The trip follows Governor Pence’s jobs and economic development mission to Israel in December 2014 and his hosting of an Indiana-Israel Business Exchange last April, which brought executives from nine Israeli companies, 24 Hoosier businesses and six Indiana public safety agencies together in Indianapolis to discuss innovation in the security and defense sectors.
Omen USA joins Israel-based companies including Taditel (Anderson), ACS Motion Control (Carmel), Resin Partners (Anderson), Keter Plastics (Anderson) and ICL Performance Products (Hammond) that do business in Indiana. More than 70 Hoosier companies currently do business in Israel, including Magnavox, Alcoa, Allied-Singal, Biomet and ITT Aerospace. Indiana exported $92.9 million of merchandise to Israel in 2014, a 160-percent increase since 2005.
The Indiana Economic Development Corporation offered Omen USA up to $400,000 in conditional tax credits and up to $150,000 in training grants based on the company's job creation plans. These incentives are performance-based, meaning until Hoosiers are hired, the company is not eligible to claim incentives. Wayne County and the city of Richmond will consider additional incentives at the request of the Economic Development Corporation of Wayne County.
“I’m thrilled Omen USA chose Richmond for their first North American facility,” said Richmond Mayor Dave Snow. “This project demonstrates that Richmond is a great choice for companies looking to locate either in the Midwest or to establish their first North American presence. This is excellent progress and with more work this will only be the beginning of more investors who realize the potential of Richmond and Wayne County.”
PHOTO: Indiana Secretary of Commerce Victor Smith and a delegation of Hoosier business and technology leaders join Omen Casting Group employees and local village leaders at the comapny's headquarters in Israel to announce Omen's plans to locate its first North American facility in Richmond, Indiana.
About Omen USA
Omen USA specializes in high-pressure casting of non-ferrous metals aluminum and brass for companies in industries including automotive and fire protection. For more information, visit www.omendiecasting.com/index.html.
The Indiana Economic Development Corporation (IEDC) leads the state of Indiana’s economic development efforts, focusing on helping companies grow in and locate to the state. Governed by a 12-member board chaired by Governor Mike Pence, the IEDC manages many initiatives, including performance-based tax credits, workforce training grants, public infrastructure assistance, and talent attraction and retention efforts. For more information about the IEDC, visit www.iedc.in.gov.
Reid Health Better Breathers Club Plans First Session of 2016
Reid Health’s Better Breathers Club will focus on breathing techniques to help with activities of daily living at the Wednesday, 11 a.m. – 12:30 p.m., Feb. 17 meeting.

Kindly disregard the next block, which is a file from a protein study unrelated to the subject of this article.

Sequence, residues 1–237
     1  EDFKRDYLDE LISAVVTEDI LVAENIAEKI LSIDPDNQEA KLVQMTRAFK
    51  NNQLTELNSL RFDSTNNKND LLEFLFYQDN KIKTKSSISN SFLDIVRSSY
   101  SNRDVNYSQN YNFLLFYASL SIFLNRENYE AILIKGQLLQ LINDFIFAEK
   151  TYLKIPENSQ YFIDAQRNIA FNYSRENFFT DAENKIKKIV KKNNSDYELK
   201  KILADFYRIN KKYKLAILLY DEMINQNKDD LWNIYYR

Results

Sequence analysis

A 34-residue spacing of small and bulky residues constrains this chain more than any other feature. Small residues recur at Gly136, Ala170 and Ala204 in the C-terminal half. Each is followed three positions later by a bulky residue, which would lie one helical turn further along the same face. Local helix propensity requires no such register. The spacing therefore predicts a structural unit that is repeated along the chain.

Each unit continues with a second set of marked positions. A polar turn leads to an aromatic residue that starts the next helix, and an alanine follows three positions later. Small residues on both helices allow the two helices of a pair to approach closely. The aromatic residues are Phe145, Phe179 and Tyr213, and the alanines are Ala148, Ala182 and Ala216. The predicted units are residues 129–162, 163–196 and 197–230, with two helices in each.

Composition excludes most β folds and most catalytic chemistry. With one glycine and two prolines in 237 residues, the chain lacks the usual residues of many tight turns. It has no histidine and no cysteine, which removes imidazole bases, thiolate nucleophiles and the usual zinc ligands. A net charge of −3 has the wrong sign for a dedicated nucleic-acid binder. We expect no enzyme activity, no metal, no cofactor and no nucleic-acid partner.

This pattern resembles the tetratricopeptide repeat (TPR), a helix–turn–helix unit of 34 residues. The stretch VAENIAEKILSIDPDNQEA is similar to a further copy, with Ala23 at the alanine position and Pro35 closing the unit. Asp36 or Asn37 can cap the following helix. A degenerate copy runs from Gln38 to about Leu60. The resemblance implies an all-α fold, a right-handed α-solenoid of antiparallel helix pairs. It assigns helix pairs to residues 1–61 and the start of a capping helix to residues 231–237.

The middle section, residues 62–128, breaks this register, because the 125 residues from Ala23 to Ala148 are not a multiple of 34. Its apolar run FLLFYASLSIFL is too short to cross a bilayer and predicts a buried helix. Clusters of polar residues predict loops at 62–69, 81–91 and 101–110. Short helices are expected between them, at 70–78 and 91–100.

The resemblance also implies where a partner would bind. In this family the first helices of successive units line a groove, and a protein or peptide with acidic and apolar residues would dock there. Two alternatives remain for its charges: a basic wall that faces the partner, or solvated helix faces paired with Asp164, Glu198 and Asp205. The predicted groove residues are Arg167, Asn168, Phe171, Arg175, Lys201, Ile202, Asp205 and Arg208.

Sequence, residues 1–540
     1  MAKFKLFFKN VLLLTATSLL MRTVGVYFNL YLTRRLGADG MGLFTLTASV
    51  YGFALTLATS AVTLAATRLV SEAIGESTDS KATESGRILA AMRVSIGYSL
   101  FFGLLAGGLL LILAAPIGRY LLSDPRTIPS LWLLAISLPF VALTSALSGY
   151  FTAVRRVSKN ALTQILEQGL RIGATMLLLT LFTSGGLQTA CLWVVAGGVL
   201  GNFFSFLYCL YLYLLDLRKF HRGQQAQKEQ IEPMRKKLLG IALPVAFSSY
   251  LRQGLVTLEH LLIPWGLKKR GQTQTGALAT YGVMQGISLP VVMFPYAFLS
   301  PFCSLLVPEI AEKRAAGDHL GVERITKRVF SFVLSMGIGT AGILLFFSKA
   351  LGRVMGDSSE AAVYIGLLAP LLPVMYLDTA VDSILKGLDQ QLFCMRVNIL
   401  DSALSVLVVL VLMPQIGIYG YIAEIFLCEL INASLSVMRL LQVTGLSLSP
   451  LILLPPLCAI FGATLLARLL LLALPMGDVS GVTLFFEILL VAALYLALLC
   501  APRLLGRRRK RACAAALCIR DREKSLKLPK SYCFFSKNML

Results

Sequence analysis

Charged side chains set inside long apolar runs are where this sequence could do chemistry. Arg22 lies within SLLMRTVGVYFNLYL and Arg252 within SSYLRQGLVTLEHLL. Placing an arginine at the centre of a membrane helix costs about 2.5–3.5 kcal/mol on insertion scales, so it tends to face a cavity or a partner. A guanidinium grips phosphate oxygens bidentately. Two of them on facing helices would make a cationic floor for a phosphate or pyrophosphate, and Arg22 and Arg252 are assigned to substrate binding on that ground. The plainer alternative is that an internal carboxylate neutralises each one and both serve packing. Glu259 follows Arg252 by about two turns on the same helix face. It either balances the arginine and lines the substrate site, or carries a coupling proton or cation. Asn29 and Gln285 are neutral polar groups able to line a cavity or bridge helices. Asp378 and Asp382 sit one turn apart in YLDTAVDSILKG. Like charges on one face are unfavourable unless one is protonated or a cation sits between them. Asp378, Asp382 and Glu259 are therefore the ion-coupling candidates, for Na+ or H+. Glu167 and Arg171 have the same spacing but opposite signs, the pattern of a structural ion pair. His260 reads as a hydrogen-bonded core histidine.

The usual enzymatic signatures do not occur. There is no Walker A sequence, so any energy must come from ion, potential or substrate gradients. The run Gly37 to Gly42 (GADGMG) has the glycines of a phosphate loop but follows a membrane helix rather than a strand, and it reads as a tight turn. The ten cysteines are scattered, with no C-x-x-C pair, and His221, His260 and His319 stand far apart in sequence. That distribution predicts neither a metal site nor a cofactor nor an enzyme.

The session meets in the Oncology Conference Room on the Reid Health main campus at 1100 Reid Parkway. The free presentation includes a light lunch. Reservations may be made by calling (765) 983-3297.
The Better Breathers Club is affiliated with the American Lung Association. The group is dedicated to helping people with a chronic lung disease such as COPD, pulmonary fibrosis or lung cancer.
Donate Your Professional Clothing to a Student!
Spring Cleaning? Make room for new spring and summer clothing when you donate your old professional clothing to students by Friday, March 18th! Take your donation to IU East, Whitewater Hall, Room 116, Monday - Friday from 8:00 a.m. to 5:00 p.m. The Professional Clothing Warehouse will be open March 23rd and 24th for all IU East, Ivy Tech and Purdue students to obtain professional clothing for internships and jobs.
Questions? Contact Kara Bellew at 765.973.8284, email@example.com or Michael Scott at 765.973.8297, firstname.lastname@example.org.
Wayne County Extension Homemakers Scholarships
Wayne County Extension Homemakers is offering two $400 scholarships to Wayne County high school seniors meeting the following criteria:
1. Applicant must be a child or grandchild of a current member of the Wayne County Extension Homemakers.
2. Applicant must be a senior graduating from a high school in Wayne County.
3. Applicant will attend a technical school, college, or university in Indiana on a two or four year program.
4. Applicant will be a full-time student at their technical school, college, or university.
Deadline for applications is Friday, April 15, 2016. Applications are available at the Wayne County Cooperative Extension Office. If you have questions, please feel free to contact Alicia Criswell, Extension Educator HHS/4-H at the Wayne County Extension Office at 765-973-9281 or email email@example.com.
Earlham College Swim Classes - Winter 2016
Instructor: Jayne Arnold, Earlham College Aquatics Coordinator
Jayne has 41 years experience in teaching swim classes of all levels. Contact Jayne at 765.983.1732 to inquire about lessons.
Sign up at Earlham Wellness Desk. Payment required when signing up for class.
Classes begin week of February 1 and extend through March 30th. Note: There will be no classes on March 14, 15, 16 - Earlham's Spring Break.
Parents & Tot Lessons (Ages 6 months to 5 years)